I spent the night researching local railroad museums and other possible locations for a road trip, but nothing was exactly what I was looking for.  I asked my wife if she knew of any other places we could go.  She recalled a museum that her grandfather took her to when she was a child. We found that the museum was still open and after reading through the information online I had finally found what I was looking for!
My two older children and I headed south to Dover, Ohio to visit the Warthers Museum.  Unfortunately, the rest of the family was unable to travel with us because of a stomach bug we have been passing around our family.
Inside the museum we found a collection of 64 model trains spanning the history of the steam-powered engine.  All the models were precisely carved by Ernest "Mooney" Warther.  
The collection featured carvings that were made from walnut wood, bone, ebony, ivory, and pearl.
These amazing model trains were carved to exact scale with moving parts. 
As we peered through the glass we could almost hear the "hogger" jingling the brass. 
My children really like the model of the Union Pacific "Big Boy" which took Warther over 10 months to carve. Watch this video all about this train carving - YouTube.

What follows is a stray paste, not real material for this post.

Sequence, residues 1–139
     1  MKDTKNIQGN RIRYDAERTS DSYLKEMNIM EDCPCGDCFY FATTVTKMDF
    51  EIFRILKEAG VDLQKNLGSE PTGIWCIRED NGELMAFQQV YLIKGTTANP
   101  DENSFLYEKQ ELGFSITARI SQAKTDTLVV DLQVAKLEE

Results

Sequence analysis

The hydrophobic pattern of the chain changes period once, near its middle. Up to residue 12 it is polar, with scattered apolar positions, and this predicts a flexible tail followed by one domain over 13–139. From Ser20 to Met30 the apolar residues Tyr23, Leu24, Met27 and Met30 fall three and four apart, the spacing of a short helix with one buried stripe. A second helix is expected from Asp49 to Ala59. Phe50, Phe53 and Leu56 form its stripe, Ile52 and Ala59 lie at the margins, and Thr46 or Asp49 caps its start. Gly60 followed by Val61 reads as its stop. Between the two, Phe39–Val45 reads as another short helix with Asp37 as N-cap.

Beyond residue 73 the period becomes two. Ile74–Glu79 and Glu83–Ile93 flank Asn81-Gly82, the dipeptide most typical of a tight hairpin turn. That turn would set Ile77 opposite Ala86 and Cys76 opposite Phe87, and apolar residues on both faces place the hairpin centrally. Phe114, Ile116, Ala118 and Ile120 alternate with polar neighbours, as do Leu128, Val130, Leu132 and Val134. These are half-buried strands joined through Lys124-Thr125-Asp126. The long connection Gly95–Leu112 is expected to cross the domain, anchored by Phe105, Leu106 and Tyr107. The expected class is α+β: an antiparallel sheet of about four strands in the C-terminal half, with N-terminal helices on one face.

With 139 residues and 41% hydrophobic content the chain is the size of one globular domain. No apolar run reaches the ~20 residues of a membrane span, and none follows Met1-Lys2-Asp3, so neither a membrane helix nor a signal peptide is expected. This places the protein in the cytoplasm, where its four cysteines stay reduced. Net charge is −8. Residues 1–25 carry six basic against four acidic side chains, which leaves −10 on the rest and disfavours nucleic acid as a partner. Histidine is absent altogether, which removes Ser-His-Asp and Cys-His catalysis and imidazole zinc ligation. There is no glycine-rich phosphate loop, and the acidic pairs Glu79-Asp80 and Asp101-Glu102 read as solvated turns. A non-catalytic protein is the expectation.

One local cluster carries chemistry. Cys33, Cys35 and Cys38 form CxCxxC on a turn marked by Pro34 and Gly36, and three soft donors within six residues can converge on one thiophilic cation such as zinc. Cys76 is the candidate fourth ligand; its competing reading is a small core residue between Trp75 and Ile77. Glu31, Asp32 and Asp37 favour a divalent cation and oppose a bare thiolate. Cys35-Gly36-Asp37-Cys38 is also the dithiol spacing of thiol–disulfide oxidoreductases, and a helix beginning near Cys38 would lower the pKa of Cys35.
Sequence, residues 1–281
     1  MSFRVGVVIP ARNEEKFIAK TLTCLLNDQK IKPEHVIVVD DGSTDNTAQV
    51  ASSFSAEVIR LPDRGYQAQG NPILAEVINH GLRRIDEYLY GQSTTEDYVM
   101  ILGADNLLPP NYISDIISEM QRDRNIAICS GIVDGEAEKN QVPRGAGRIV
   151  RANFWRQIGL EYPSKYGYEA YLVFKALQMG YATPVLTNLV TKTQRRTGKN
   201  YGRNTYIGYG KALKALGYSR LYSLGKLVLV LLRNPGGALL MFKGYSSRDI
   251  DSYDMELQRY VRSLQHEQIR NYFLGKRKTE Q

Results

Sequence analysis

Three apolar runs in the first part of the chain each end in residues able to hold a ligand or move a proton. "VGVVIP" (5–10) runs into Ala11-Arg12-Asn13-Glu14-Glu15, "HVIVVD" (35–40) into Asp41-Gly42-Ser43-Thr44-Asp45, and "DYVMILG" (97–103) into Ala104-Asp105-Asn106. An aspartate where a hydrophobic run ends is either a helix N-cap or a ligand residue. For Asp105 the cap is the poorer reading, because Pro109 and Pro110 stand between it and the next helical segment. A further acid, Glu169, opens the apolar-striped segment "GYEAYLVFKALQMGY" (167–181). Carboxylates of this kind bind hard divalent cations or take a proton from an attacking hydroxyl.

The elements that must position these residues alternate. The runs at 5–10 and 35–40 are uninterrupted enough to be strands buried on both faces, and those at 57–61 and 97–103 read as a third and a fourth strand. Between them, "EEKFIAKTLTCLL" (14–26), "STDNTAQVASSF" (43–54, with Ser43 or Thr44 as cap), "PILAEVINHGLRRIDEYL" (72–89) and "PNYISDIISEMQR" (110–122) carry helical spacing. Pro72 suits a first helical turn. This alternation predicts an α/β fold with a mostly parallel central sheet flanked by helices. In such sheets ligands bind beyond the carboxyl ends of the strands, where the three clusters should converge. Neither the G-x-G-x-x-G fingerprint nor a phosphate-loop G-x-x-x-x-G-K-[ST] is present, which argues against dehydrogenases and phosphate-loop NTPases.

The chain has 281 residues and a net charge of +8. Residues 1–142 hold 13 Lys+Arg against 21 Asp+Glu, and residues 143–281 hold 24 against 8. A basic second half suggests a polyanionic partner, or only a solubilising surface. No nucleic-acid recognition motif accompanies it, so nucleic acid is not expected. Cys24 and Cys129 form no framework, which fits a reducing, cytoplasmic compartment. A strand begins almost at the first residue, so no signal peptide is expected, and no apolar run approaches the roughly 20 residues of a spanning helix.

In Jingle the Brass, we learned about the reefers and hoppers that carried the cargo on the train.
Our tour guide said THE LINCOLN FUNERAL TRAIN OF ABRAHAM LINCOLN 1865 is often referred to be guests as their favorite model.  Ernest Warther carved this at the age of 80!

When our tour concluded I read Jingle the Brass to my children in the middle of one of the exhibit rooms. We were surrounded by all the trains. The book and the models together brought to life an amazing time in U.S. history for my children.
Outside we found an engine that my children were able to pretend they were "riding the point."
A couple of "honest-to-goodness cowboys" hanging out on the caboose.
The perfect end to the day was jingling the brass! This was an amazing experience. My children loved it.  If you are ever in Ohio, I urge you to bring along a copy of Jingle the Brass by Patricia Newman and visit the Warthers Museum.

Patricia, thank you so much for contacting me to share your birthday! Your books are great resources for children and provided the inspiration for a memorable reading experience for our family.  I really appreciate that the time you took to share your birthday memory too.  We hope have a wonderful birthday and that you get to enjoy a big slice of coconut cake!

Keep an eye out for Patricia's next book, Plastic, Ahoy!, to be released January 1, 2014:

1. Patricia Newman's Website  (PLUS LOTS OF ACTIVITY GUIDES!)
2. Follow Patricia on Twitter and Facebook and YouTube and Pinterest
3. About Patricia Newman - Children's Lit
4. Interview - Hard But Possible- Patricia Newman Talks About Becoming a Children's Author, Interview with Genny Heikka of Part Time Author (iTunes Podcast)
5. More Interviews - Lerner Books, AuthorLink, Bookie Woogie, Capital Public Radio,
6. Nugget on the Flight Deck Book Trailer - YouTube
7. Jingle the Brass Book Trailer - YouTube
8. Our Story, American History Stories and Activities You Can Do Together "ALL ABOARD THE TRAIN - Smithsonian